A new immersive art installation called “Plaid” is connecting adults with their inner child by allowing them to play in a massive 5,000-square-foot indoor playground. Located in Greenpoint, Brooklyn, the immersive experience includes an adult-sized trampoline, two ball pits, swings, a miniature merry-go-round, and more.
The temporary immersive installation was created by the Australian-born, Brooklyn-based artist Cj Hendry. Inspired by the concept of plaid patterns, Hendry’s new collection of works is designed to appear like paintings but they’re actually hand-drawn with colored pencils.
“The fact that she used colored pencils for everything is very unique and my husband could not believe that it was not paint but pencils,” said Floriane Harpster, a fan of the artist.
The event was celebrated both by adults looking to unleash their inner child and families enjoying the novelty of a playground big enough for the whole family. The square, colorful edges and white details around the playground are inspired by plaid patterns of color and negative space.
To bring her vision to life, Hendry worked with a playground manufacturer to design a custom structure to fit the dimensions of the space. The colors and sensory details of the exhibition are meant to induce a calming effect, similar to Hendry’s 2019 New York show “Rorschach” which featured an inflatable bouncy castle.
Hendry was intimately familiar with the exhibition space prior to the recent installation as it previously served as Hendry’s studio for three years after she moved to New York in 2015. Though she reportedly hasn’t been to an indoor playground before herself, Hendry has embraced the trend of immersive art installations since her popup Soho gallery in 2017, crafting elaborate settings in which to experience her drawings.
Approximately 24 hours ahead of the unveiling of the exhibition, Hendry and her team were finishing up the last-minute details such as cutting the ends off of tens of thousands of zip ties and securing the foam padding in place. In addition to the “Rorschach” exhibition mentioned previously, the artist’s 2022 exhibition titled “Epilogue” was held in a 19th-century London church and featured a constant stream of falling white flower petals to pair with a series of flower drawings and sculptures.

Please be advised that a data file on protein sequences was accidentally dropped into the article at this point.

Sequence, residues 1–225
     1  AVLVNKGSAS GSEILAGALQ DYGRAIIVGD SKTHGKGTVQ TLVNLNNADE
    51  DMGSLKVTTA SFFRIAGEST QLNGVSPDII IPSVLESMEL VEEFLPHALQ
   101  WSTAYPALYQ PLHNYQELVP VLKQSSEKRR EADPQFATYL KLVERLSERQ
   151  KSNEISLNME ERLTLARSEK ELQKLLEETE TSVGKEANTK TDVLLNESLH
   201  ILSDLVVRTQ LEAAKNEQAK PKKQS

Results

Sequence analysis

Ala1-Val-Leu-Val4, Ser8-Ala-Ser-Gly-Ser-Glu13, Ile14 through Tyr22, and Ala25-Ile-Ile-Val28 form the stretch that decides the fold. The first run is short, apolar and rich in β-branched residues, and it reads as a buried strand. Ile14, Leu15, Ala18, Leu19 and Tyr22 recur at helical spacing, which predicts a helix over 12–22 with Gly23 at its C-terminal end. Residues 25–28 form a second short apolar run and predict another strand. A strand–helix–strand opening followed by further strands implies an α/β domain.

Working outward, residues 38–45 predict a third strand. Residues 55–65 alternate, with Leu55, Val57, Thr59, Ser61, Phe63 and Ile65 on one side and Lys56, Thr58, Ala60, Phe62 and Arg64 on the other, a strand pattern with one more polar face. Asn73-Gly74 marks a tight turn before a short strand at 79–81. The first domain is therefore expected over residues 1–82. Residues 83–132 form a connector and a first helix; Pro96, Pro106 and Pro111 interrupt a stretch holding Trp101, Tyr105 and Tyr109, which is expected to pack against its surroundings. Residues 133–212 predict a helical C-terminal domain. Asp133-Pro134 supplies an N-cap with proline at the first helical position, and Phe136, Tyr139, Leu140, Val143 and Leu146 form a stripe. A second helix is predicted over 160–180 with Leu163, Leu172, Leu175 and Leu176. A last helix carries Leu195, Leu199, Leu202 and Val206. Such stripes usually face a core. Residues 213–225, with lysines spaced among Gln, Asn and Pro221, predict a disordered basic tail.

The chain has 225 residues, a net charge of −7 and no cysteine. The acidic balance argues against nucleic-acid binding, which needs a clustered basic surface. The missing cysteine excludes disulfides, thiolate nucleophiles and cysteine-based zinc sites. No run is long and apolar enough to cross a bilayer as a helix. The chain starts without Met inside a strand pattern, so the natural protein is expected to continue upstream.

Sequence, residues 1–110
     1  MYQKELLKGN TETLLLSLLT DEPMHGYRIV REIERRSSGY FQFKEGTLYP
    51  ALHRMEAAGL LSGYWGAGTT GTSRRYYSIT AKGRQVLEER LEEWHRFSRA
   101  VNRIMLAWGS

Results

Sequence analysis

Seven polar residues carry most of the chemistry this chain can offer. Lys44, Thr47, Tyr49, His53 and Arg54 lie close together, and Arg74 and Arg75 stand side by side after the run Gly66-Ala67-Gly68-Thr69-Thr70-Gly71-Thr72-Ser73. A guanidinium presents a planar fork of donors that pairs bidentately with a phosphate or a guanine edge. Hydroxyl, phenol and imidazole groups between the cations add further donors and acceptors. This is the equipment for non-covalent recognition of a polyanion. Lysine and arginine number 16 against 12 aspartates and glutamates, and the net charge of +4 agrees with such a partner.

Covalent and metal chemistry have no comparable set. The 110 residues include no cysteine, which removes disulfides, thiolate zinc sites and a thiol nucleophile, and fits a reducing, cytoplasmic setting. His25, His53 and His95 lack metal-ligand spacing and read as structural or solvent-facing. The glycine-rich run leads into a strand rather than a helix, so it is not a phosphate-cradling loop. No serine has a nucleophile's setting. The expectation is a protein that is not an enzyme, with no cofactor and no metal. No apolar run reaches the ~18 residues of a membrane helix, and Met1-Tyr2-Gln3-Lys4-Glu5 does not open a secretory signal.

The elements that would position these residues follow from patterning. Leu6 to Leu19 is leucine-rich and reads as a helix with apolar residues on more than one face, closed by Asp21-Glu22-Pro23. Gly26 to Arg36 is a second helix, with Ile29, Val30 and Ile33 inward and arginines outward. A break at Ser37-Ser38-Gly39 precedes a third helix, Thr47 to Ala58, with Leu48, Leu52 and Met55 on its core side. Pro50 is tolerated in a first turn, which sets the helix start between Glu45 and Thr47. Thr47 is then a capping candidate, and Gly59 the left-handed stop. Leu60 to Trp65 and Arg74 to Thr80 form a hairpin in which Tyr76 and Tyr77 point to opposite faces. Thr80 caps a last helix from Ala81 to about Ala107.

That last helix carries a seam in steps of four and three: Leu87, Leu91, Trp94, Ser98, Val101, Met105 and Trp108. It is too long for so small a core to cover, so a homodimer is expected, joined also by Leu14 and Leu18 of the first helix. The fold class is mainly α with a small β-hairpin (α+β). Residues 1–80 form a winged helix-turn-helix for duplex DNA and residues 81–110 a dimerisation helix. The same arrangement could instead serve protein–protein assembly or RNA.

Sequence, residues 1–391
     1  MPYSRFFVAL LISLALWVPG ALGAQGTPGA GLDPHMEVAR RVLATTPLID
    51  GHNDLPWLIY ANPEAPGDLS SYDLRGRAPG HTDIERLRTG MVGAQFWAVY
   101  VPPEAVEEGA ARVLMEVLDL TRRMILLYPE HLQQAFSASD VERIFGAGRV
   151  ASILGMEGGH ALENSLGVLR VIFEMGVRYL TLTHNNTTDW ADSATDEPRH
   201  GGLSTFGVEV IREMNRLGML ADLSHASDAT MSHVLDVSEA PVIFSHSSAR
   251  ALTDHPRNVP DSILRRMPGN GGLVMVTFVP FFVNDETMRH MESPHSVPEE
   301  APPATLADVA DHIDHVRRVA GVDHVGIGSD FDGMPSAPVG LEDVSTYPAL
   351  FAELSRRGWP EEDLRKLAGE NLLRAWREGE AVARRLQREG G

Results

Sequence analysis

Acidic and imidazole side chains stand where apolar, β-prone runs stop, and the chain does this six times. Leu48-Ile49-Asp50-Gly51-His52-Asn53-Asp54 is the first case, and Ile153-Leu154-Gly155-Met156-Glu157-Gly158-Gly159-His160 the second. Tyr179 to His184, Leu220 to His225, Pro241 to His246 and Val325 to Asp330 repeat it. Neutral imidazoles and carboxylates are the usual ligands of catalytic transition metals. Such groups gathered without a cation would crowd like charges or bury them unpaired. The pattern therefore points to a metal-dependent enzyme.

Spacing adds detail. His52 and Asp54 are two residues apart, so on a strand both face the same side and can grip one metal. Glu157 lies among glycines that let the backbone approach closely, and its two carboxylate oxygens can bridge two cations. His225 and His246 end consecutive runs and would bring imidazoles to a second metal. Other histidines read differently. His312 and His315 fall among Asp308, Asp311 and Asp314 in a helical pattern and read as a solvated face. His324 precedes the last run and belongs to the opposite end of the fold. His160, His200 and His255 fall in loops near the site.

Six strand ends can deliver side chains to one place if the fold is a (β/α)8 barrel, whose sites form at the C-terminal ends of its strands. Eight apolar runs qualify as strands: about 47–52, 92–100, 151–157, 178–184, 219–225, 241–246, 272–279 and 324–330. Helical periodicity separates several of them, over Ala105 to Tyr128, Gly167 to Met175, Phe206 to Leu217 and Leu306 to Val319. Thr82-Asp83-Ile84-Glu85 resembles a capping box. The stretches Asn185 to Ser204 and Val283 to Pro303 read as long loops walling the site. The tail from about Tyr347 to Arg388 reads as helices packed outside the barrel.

“Plaid” grew from a commission for a client who asked Hendry to create a facsimile of an Elaine de Kooning work. Hendry discovered that she loved using hyperrealism, which is typically used to render 3-D images, in the 2-D realm, “I really like that trickery in a way. It is weirdly more challenging than you think.”
Hendry’s artistic process for the works in “Plaid” first involved creating hundreds of paintings of plaid hashtags in different color combinations. The color palettes Hendry deemed most successful were then translated into the colored pencil drawings that take hours to create.
“My drawing practice is really intimate. It’s beautiful, but it’s really labor intensive and it’s also really lonely,” Hendry said. “Drawing, I’m very close to the works, physically, whereas the buildings and the concepts [for my exhibitions] are so big and otherworldly that they are two completely opposite ends of the scale.”